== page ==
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Senators Examine Use of Torture on Detainees

May 13, 2009 at 6:15 PM EDT
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Kwame Holman reports on a Senate hearing examining harsh interrogation methods used on some detainees.

KWAME HOLMAN: A Senate Judiciary Subcommittee today embarked on a series of hearings into allegations of torture authorized by the Bush administration against alleged terrorists.

It was Congress’s first formal response to the Obama administration’s release of Bush administration memos that gave legal sanction to so-called enhanced interrogation techniques.

Democrat Sheldon Whitehouse of Rhode Island is chairman.

SEN. SHELDON WHITEHOUSE, D-R.I.: Winston Churchill said, “In wartime, truth is so precious that she should always be attended by a bodyguard of lies.” The truth of our country’s descent into torture is not precious. It is noxious; it is sordid.

KWAME HOLMAN: Lindsey Graham of South Carolina was the only Republican to participate in the hearing. He opposed the harsh tactics, but said Bush administration officials had done nothing illegal.

SEN. LINDSEY GRAHAM, R-S.C.: They saw the law many times as a nicety that we couldn’t afford, so they took a very aggressive interpretation of what the law would allow, and that came back to bite us. It always does, but that’s not a crime.

Witnesses split on tactics

KWAME HOLMAN: A panel of witnesses, too, was split on whether waterboarding and other tactics violated U.S. laws.

Philip Zelikow was a top aide to Secretary of State Condoleezza Rice from 2005 to 2007.

PHILIP ZELIKOW, former State department official: This was a large, collective failure in which a lot of Americans, a lot of Americans from both parties, thought they needed a program like this in order to protect the country.

KWAME HOLMAN: But Zelikow was among those who objected to the reasoning of the Justice Department's Office of Legal Counsel, which authorized harsh treatment of al-Qaida suspects by CIA interrogators.

The memos authorized techniques, including sleep deprivation, physical abuse, and waterboarding, the controlled drowning of a subject. Zelikow said the legal reasoning behind the opinions was "strained and indefensible."

PHILIP ZELIKOW: The U.S. government over the past seven years adopted an unprecedented program in American history of coolly calculated, dehumanizing abuse and physical torment to extract information. This was a mistake, perhaps a disastrous one.

Calls for independent reviews

KWAME HOLMAN: Zelikow's own memo opposing the methods was ordered to be destroyed by the Bush White House, but copies now are being reviewed for possible declassification and release.

Zelikow and Democrats on the Judiciary Committee have called for an independent review of the interrogation matter, but President Obama has resisted that approach.

In the hearing, law professor Jeffrey Addicott argued there was nothing to investigate.

JEFFREY ADDICOTT, St. Mary's University School of Law: The word "torture" rolls off the tongue with great ease, but you have to recognize that not every alleged incident of interrogation or mistreatment necessarily satisfies the legal definition of torture.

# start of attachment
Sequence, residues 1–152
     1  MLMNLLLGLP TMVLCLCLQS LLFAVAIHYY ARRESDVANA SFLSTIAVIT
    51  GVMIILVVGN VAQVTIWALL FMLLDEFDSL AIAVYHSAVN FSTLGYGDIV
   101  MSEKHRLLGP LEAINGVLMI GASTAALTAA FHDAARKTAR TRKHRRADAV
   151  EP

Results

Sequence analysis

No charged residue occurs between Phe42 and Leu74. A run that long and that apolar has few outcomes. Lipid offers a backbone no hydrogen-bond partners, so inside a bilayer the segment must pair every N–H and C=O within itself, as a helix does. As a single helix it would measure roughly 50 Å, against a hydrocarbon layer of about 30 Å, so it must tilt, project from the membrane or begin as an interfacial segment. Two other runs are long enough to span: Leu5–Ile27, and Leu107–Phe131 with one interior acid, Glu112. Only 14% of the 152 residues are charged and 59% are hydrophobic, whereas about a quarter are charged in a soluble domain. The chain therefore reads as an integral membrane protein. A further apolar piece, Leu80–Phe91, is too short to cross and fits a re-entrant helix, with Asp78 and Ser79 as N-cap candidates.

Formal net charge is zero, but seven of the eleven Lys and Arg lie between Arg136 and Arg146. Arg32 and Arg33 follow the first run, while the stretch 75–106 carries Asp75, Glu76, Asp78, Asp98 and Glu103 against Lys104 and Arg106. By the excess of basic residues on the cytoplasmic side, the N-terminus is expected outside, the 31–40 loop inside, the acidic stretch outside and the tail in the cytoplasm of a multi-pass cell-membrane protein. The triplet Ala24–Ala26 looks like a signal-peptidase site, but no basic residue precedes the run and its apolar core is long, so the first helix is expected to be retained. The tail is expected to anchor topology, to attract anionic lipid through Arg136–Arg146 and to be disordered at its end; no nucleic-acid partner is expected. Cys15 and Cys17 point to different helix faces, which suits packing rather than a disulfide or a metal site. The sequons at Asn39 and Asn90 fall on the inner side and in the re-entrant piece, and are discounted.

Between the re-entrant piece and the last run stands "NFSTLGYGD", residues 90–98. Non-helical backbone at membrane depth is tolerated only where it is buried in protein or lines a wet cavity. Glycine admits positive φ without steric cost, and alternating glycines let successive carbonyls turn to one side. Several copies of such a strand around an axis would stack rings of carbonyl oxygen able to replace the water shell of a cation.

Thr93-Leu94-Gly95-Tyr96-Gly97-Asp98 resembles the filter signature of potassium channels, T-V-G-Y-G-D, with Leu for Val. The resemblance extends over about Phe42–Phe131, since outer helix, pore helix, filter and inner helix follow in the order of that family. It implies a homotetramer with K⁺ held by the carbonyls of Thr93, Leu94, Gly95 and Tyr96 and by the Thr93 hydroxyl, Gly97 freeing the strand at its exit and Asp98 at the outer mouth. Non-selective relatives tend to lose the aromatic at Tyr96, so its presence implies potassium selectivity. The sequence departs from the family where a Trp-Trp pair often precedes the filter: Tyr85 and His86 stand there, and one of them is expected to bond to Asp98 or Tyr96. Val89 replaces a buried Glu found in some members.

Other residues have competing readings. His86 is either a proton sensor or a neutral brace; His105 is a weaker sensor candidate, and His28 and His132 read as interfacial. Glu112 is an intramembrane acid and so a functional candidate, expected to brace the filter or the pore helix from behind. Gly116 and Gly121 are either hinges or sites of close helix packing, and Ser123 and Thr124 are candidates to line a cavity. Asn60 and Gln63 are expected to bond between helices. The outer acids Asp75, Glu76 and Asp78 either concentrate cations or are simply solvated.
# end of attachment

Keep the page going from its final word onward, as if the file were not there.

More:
SEN. SHELDON WHITEHOUSE: I will take a moment now to recess very briefly so that the necessary security measures for Mr. Soufan can be put into place.

KWAME HOLMAN: The testimony of former FBI undercover agent Ali Soufan was heard, but not seen, at his request. The former counterterrorism operative said harsh techniques are totally ineffective, that they force compliance rather than cooperation.

ALI SOUFAN, former FBI agent: A major problem is that it is ineffective. Al-Qaida are trained to resist torture. As shocking as these techniques are to us, their training prepares them for much worse, the torture that they would receive if caught by dictatorships, for example. In a democracy, however, there is a glass ceiling the interrogator cannot breach, and eventually the detainee will call the interrogator's bluff.

Questions over efficacy

KWAME HOLMAN: Soufan was the first person to interrogate Abu Zubaydah, an al-Qaida logistics agent, following his capture in 2002. He said his nonviolent methods elicited key information before the CIA became involved and began coercive interrogation.

SEN. SHELDON WHITEHOUSE: Harsh techniques were introduced which did not produce results as Abu Zubaydah shut down and stopped talking, correct?

ALI SOUFAN: Correct, sir.

KWAME HOLMAN: But Graham pressed Soufan on a point raised recently by former Vice President Dick Cheney, the techniques provided valuable intelligence.

SEN. LINDSEY GRAHAM: The vice president is suggesting that there was good information obtained, and I'd like the committee to get that information. Let's have both sides of the story here. I mean, one of the reasons these techniques have survived for about 500 years is apparently they work.

ALI SOUFAN: Because, sir, there's a lot of people who don't know how to interrogate, and it's easy to hit somebody than outsmart them.

KWAME HOLMAN: And Graham echoed a theme voiced by other Republicans that high-ranking congressional Democrats also had been briefed on the techniques.

SEN. LINDSEY GRAHAM: I don't know what Nancy Pelosi knew and when she knew it, and I really don't think she's a criminal if she was told about waterboarding and did nothing. But I think it is important to understand that members of Congress allegedly were briefed about these interrogation techniques.

KWAME HOLMAN: In recent public statements, Speaker Pelosi has said she was not told harsh techniques had been used.